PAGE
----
The John M. Olin Center

Paper Abstract

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90. Emma Harrington & Hannah Shaffer, Discerning Discretion? Estimating Prosecutor Effects at Criminal Sentencing, 05/2020.

Abstract: In criminal courts, prosecutors have discretion over charging decisions and plea-deal offers, which often determine defendants' ultimate sentencing outcomes. These decisions require prosecutors to balance many, potentially competing, objectives. Sentencing laws task prosecutors with reducing criminal re-offense and treating similarly situated defendants similarly. Prosecutors may also weigh the costs of incarcerating the defendant against these legal mandates. Our project aims to evaluate the extent to which different prosecutors arrive at systematically different results and whether progress on one aim comes at the cost of other objectives. This paper focuses on the trade-off between reducing incarceration and criminal re-offense. This tradeoff may seem especially stark given that defendants cannot re-offend while in prison.  However, variation across prosecutors in their degree of selective incarceration would attenuate the aggregate relationship between prosecutors' recidivism and incarceration effects.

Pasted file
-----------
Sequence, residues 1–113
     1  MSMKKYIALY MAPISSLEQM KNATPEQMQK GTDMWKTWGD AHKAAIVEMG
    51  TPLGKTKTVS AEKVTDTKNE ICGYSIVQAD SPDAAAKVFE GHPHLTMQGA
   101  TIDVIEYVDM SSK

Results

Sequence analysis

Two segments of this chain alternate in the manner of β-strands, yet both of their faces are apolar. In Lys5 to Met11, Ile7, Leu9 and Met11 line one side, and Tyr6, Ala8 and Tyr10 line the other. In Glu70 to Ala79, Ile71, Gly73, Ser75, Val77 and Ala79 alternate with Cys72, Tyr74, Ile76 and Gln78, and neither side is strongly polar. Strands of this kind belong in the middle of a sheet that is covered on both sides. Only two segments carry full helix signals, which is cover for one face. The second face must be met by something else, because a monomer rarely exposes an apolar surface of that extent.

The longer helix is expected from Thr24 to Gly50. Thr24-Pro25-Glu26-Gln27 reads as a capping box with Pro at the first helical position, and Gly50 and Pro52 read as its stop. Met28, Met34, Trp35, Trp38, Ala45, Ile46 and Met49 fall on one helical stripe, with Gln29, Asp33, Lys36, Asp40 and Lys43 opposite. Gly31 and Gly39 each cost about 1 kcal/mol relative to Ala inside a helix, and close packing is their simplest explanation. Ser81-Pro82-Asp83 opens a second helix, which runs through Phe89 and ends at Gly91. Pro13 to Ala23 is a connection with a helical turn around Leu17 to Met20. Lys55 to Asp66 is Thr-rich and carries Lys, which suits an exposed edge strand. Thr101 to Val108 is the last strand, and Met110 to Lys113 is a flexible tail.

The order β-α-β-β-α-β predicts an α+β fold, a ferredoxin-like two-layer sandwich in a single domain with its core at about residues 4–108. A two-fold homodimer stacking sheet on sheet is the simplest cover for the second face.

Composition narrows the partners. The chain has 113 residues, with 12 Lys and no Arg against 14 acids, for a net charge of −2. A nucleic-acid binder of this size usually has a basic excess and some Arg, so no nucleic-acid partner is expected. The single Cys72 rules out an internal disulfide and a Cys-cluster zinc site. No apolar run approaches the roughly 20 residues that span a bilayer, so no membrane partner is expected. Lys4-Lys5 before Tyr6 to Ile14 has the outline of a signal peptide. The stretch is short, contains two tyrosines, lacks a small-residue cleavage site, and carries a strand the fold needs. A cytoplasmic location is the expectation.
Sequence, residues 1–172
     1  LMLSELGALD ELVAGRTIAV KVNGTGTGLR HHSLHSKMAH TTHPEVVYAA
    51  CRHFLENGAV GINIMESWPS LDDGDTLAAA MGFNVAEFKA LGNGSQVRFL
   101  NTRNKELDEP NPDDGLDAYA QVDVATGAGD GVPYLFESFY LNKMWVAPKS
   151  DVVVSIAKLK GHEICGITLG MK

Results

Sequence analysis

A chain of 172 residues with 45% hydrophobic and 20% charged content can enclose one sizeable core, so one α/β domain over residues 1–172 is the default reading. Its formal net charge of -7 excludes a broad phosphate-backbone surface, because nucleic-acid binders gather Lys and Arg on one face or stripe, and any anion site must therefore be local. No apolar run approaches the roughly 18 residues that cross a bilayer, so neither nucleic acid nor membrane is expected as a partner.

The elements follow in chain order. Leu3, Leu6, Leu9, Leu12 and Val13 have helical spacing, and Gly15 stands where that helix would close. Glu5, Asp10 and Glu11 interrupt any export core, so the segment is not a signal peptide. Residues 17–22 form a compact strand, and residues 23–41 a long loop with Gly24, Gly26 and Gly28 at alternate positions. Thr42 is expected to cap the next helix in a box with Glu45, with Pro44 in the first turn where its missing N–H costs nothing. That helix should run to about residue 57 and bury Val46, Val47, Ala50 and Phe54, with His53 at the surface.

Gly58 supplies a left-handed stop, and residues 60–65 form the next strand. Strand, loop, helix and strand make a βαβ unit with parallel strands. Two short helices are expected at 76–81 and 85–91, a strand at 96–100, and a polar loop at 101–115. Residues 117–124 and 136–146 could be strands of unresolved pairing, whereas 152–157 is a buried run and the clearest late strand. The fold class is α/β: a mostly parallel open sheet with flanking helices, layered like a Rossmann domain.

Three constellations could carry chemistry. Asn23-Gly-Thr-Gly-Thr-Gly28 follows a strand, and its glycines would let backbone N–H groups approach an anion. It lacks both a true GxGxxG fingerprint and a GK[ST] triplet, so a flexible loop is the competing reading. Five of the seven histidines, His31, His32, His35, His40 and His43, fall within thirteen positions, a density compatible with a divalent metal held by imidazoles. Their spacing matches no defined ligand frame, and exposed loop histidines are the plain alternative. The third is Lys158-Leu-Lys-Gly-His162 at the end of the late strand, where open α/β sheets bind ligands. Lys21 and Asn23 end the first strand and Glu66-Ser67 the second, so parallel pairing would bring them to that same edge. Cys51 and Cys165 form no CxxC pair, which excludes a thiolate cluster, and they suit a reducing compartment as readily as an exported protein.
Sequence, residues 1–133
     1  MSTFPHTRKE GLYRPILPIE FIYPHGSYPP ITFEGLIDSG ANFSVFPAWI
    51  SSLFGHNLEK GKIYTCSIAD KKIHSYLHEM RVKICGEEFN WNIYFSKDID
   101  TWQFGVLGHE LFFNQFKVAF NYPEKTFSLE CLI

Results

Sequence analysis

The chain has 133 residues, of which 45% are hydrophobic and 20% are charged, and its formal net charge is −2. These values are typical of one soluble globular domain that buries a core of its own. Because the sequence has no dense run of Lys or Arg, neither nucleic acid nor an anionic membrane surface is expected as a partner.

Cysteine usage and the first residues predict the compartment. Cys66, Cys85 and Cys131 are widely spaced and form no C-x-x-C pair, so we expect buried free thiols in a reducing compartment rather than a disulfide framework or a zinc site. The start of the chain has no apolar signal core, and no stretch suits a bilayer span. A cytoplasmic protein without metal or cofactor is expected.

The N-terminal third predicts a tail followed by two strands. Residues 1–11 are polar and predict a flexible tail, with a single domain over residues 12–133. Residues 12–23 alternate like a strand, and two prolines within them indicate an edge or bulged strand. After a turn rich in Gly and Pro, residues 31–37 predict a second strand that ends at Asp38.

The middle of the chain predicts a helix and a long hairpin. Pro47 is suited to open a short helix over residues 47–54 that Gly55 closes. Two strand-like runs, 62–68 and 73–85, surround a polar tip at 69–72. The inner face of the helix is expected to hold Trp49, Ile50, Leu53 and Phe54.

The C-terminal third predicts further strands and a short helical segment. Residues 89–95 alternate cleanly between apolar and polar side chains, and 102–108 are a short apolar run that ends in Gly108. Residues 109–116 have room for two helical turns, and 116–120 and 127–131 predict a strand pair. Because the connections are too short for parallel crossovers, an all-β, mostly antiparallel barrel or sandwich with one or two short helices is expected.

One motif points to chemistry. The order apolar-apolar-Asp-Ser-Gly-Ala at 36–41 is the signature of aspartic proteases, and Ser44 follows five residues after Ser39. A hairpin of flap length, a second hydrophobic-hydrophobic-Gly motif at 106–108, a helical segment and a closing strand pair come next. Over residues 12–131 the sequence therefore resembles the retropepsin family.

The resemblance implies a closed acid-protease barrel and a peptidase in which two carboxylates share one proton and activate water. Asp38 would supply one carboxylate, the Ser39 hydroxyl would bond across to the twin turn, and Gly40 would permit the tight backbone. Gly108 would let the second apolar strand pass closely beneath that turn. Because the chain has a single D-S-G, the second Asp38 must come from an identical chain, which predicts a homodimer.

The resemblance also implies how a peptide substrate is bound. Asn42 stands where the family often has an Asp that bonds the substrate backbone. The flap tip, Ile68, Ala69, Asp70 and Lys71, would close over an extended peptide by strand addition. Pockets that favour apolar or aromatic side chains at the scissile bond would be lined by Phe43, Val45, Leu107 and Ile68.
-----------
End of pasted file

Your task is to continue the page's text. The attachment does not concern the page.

Using court records from North Carolina Superior Court, we find that prosecutors systematically vary in both their incarceration and recidivism effects. A prosecutor one standard deviation above the mean in sentencing severity imposes prison sentences that are 15% longer than the mean prosecutor (12 more days relative to a mean of 83 days). A prosecutor one standard deviation above the mean in re-offense has a 6% higher rate of 3-year re-offense in their caseload (3.6pp off of a mean of 50%). As expected, prosecutors who impose longer prison sentences achieve lower rates of re-offense. However, we find that the bulk of the systematic variation in re-offense is driven by differences in the degree to which prosecutors selectively incarcerate those defendants most likely to re-offend. The variation in “skill” is similar in magnitude to the variation in unconditional recidivism: a prosecutor one standard deviation above the mean in skill can achieve a 3.1pp lower rate of re-offense.